Wednesday, June 22, 2011

Cassandra's Band

The Greek myth concerning Cassandra daughter of King Priam has become a literary metaphor for a situation in which someone's accurate prophecy or warning is ignored.


The day is green and clear—so clear—
And down the street the people hear
Cassandra's band, so drab and drear
'Mid transient colors of the year.

The day is green and oh so clear—
“Hear, hear us,” cries Cassandra, “hear!
Your minds are poisoned with false cheer
For money is the god you fear.”

The day is red—Isaiah cries,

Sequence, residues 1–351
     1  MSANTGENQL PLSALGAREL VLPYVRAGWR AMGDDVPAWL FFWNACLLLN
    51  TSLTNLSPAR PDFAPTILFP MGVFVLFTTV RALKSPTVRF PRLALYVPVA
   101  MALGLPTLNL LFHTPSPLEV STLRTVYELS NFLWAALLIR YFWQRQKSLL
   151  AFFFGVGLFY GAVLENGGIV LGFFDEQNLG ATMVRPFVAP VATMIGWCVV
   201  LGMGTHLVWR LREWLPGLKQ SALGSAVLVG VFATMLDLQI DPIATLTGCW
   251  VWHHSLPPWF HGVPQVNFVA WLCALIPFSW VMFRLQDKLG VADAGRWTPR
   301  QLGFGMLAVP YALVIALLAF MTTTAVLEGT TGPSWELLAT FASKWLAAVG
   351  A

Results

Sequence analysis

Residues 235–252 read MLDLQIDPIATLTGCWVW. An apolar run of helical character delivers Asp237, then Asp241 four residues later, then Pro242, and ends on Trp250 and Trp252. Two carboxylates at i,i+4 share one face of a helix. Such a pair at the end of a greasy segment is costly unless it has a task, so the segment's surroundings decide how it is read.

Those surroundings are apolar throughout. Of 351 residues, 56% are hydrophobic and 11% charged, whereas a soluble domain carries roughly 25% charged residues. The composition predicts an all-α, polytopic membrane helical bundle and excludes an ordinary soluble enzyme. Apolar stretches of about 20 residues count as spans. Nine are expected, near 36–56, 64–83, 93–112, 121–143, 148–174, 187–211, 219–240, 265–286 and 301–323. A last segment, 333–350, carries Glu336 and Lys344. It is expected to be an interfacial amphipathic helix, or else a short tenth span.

“Take heed, you hearts that once were wise!
From bloody hands God turns his eyes,
And will not bless this people's lies.”

The day is red—a poet speaks,
The wisest man: “This country reeks
Of death and dying babes, and seeks
Prosperity to reach its peaks—

“Yet children are a great reward,
A heritage from God the Lord.
This point you people have ignored;
Prepare to face the wrath you've stored.”

The day is dark—cries one young seer,
“Your women have no children dear;
Your men lost faith and reason here.”
—At Kipling's voice th'assemblied leer.

The day is black, and all is clear
But at the dreary band they jeer.
Cassandra sheds one lonely tear
And knows the promised time is near.



Edwin Arlington Robinson, "Cassandra."
Isaiah 1:15-17
Psalm 127:3-5
Rudyard Kipling, "The Gods of the Copybook Headings."

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